skip to main content
DOE PAGES title logo U.S. Department of Energy
Office of Scientific and Technical Information

Title: Mysterious SiB 3 : Identifying the Relation between α- and β-SiB 3

Abstract

Binary silicon boride SiB 3 has been reported to occur in two forms, as disordered and nonstoichiometric α-SiB 3–x, which relates to the α-rhombohedral phase of boron, and as strictly ordered and stoichiometric β-SiB 3. Similar to other boron-rich icosahedral solids, these SiB 3 phases represent potentially interesting refractory materials. However, their thermal stability, formation conditions, and thermodynamic relation are poorly understood. Here, we map the formation conditions of α-SiB 3–x and β-SiB 3 and analyze their relative thermodynamic stabilities. α-SiB 3–x is metastable (with respect to β-SiB 3 and Si), and its formation is kinetically driven. Pure polycrystalline bulk samples may be obtained within hours when heating stoichiometric mixtures of elemental silicon and boron at temperatures 1200–1300 °C. At the same time, α-SiB 3–x decomposes into SiB6 and Si, and optimum time-temperature synthesis conditions represent a trade-off between rates of formation and decomposition. The formation of stable β-SiB 3 was observed after prolonged treatment (days to weeks) of elemental mixtures with ratios Si/B = 1:1–1:4 at temperatures 1175–1200 °C. The application of high pressures greatly improves the kinetics of SiB 3 formation and allows decoupling of SiB 3 formation from decomposition. Quantitative formation of β-SiB 3 was seen atmore » 1100 °C for samples pressurized to 5.5–8 GPa. β-SiB 3 decomposes peritectoidally at temperatures between 1250 and 1300 °C. The highly ordered nature of β-SiB 3 is reflected in its Raman spectrum, which features narrow and distinct lines. In contrast, the Raman spectrum of α-SiB 3–x is characterized by broad bands, which show a clear relation to the vibrational modes of isostructural, ordered B 6P. The detailed composition and structural properties of disordered α-SiB 3–x were ascertained by a combination of single-crystal X-ray diffraction and 29Si magic angle spinning NMR experiments. Notably, the compositions of polycrystalline bulk samples (obtained at T ≤ 1200 °C) and single crystal samples (obtained from Si-rich molten Si–B mixtures at T > 1400 °C) are different, SiB 2.93(7) and SiB 2.64(2), respectively. The incorporation of Si in the polar position of B 12 icosahedra results in highly strained cluster units. This disorder feature was accounted for in the refined crystal structure model by splitting the polar position into three sites. The electron-precise composition of α-SiB 3–x is SiB 2.5 and corresponds to the incorporation of, on average, two Si atoms in each B 12 icosahedron. Accordingly, α-SiB 3–x constitutes a mixture of B 10Si 2 and B 11Si clusters. The structural and phase stability of α-SiB 3–x were explored using a first-principles cluster expansion. The most stable composition at 0 K is SiB 2.5, which however is unstable with respect to the decomposition β-SiB 3 + Si. Modeling of the configurational and vibrational entropies suggests that α-SiB 3–x only becomes more stable than β-SiB 3 at temperatures above its decomposition into SiB 6 and Si. Hence, we conclude that α-SiB 3–x is metastable at all temperatures. Density functional theory electronic structure calculations yield band gaps of similar size for electron-precise α-SiB 2.5 and β-SiB 3, whereas α-SiB 3 represents a p-type conductor.« less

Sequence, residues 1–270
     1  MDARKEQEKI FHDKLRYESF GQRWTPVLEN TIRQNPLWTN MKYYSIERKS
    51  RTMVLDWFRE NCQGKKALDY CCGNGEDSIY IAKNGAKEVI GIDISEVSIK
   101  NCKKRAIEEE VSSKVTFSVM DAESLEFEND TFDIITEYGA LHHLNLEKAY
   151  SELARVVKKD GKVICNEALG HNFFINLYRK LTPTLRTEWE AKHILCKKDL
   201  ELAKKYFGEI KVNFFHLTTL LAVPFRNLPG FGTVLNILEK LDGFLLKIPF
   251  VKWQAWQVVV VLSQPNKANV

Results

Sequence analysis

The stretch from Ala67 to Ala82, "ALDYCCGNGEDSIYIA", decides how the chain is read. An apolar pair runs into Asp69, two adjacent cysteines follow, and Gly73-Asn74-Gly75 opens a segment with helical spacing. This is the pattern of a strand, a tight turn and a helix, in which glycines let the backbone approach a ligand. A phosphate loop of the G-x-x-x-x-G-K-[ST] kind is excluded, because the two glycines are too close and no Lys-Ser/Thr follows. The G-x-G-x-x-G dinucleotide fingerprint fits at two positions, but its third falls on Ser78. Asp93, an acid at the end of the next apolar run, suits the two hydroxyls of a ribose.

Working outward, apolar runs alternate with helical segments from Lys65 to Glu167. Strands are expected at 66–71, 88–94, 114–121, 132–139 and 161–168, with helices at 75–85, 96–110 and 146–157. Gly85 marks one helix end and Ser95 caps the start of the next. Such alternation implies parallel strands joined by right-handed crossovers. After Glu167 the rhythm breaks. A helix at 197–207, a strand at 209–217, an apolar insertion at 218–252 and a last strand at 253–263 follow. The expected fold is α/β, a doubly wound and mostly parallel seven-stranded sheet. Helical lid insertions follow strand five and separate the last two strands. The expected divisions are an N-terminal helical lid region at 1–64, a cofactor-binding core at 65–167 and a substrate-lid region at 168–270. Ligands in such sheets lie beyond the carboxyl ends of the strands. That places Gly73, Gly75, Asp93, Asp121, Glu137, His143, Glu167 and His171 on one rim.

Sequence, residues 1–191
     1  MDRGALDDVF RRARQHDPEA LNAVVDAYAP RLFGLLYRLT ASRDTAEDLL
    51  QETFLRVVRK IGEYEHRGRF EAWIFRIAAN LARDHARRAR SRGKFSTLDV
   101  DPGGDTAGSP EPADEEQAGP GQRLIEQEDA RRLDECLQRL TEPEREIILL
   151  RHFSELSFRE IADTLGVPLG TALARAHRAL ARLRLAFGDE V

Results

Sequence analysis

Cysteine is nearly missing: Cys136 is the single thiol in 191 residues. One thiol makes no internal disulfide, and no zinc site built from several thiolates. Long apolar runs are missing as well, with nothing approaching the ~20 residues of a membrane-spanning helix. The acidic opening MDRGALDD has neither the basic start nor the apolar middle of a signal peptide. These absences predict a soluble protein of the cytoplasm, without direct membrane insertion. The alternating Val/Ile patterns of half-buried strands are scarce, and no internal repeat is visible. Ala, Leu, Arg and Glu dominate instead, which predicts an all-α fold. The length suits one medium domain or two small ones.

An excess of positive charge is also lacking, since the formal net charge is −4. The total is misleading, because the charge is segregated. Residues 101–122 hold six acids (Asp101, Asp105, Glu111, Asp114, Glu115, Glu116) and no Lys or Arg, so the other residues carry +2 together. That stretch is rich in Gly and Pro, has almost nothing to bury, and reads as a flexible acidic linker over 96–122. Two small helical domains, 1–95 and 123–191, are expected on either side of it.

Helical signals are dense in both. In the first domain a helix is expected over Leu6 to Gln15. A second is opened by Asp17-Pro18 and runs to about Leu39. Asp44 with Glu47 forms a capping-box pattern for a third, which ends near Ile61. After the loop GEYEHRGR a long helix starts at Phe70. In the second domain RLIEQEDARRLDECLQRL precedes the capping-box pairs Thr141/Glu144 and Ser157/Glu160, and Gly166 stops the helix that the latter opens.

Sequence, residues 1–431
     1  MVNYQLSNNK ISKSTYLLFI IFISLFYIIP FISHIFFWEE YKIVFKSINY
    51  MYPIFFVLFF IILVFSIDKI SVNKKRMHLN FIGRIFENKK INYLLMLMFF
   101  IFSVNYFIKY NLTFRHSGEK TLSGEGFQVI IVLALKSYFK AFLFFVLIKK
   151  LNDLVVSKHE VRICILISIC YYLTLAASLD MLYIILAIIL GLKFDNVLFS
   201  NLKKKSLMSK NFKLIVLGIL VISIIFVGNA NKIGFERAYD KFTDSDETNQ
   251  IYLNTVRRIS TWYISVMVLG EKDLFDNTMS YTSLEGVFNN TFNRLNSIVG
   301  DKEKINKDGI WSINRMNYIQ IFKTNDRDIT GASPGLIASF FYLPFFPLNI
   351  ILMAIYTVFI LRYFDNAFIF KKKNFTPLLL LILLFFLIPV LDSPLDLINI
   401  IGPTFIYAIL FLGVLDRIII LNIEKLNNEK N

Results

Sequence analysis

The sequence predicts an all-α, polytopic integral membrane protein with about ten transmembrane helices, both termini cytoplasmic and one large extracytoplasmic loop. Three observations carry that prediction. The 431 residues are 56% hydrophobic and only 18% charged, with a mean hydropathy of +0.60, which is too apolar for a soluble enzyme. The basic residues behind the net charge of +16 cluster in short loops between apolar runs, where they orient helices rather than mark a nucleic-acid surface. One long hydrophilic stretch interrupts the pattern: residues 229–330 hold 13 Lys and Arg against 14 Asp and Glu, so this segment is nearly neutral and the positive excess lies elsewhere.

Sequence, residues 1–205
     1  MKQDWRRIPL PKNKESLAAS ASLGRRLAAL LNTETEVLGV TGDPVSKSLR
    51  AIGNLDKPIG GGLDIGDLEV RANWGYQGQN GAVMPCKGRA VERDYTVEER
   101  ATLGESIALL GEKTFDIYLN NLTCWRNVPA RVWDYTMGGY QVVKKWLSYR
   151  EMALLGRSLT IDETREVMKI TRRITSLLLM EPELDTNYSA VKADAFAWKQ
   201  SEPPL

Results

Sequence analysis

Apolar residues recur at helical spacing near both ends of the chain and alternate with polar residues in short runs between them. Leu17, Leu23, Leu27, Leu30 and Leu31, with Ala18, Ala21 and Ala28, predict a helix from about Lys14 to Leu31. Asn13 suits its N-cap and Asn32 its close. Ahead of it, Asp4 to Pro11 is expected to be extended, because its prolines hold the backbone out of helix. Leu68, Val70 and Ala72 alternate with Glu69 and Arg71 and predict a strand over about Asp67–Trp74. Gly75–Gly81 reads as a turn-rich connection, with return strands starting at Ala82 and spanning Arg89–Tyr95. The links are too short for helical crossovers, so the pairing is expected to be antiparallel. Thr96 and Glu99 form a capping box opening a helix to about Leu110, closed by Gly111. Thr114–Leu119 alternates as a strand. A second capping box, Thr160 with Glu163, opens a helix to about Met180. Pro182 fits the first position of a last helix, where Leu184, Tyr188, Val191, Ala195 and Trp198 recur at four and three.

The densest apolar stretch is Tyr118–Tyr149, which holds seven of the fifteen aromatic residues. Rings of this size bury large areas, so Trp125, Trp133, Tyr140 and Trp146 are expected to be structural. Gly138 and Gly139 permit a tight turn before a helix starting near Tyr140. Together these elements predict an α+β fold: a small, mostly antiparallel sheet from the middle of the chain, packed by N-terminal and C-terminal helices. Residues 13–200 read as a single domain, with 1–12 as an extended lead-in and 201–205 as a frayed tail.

Authors:
 [1];  [2];  [3]; ORCiD logo [1]; ORCiD logo [1];  [1];  [4];  [4];  [5]; ORCiD logo [6]; ORCiD logo [2]; ORCiD logo [1]
  1. Stockholm Univ. (Sweden)
  2. Augsburg Univ. (Germany)
  3. Chulalongkorn Univ., Bangkok (Thailand); Thailand Center of Excellence in Physics, Bangkok (Thailand)
  4. Linköping Univ. (Sweden)
  5. Tsinghua Univ., Beijing (China)
  6. Carnegie Mellon Univ., Pittsburgh, PA (United States)
Publication Date:
Research Org.:
Carnegie Mellon Univ., Pittsburgh, PA (United States)
Sponsoring Org.:
USDOE Office of Science (SC), Basic Energy Sciences (BES) (SC-22); German Research Foundation (DFG); Swedish Research Council (SRC); National Science Foundation (NSF)
OSTI Identifier:
1574460
Grant/Contract Number:  
SC0014506
Resource Type:
Accepted Manuscript
Journal Name:
ACS Omega
Additional Journal Information:
Journal Volume: 4; Journal Issue: 20; Journal ID: ISSN 2470-1343
Publisher:
American Chemical Society (ACS)
Country of Publication:
United States
Language:
English
Subject:
37 INORGANIC, ORGANIC, PHYSICAL, AND ANALYTICAL CHEMISTRY

Citation Formats